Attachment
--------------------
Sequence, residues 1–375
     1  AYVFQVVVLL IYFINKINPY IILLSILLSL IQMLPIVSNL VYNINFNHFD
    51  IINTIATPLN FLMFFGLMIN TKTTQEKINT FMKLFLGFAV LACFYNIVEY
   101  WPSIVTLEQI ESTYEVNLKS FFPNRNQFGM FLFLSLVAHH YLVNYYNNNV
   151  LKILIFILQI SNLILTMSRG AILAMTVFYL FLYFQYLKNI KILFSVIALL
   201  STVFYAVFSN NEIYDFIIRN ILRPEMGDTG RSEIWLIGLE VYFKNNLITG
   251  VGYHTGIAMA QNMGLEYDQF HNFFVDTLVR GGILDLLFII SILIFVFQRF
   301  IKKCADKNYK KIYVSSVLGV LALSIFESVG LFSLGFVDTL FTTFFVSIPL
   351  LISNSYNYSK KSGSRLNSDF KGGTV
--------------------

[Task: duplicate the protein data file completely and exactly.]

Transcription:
Sequence, residues 1–375
     1  AYVFQVVVLL IYFINKINPY IILLSILLSL IQMLPIVSNL VYNINFNHFD
    51  IINTIATPLN FLMFFGLMIN TKTTQEKINT FMKLFLGFAV LACFYNIVEY
   101  WPSIVTLEQI ESTYEVNLKS FFPNRNQFGM FLFLSLVAHH YLVNYYNNNV
   151  LKILIFILQI SNLILTMSRG AILAMTVFYL FLYFQYLKNI KILFSVIALL
   201  STVFYAVFSN NEIYDFIIRN ILRPEMGDTG RSEIWLIGLE VYFKNNLITG
   251  VGYHTGIAMA QNMGLEYDQF HNFFVDTLVR GGILDLLFII SILIFVFQRF
   301  IKKCADKNYK KIYVSSVLGV LALSIFESVG LFSLGFVDTL FTTFFVSIPL
   351  LISNSYNYSK KSGSRLNSDF KGGTV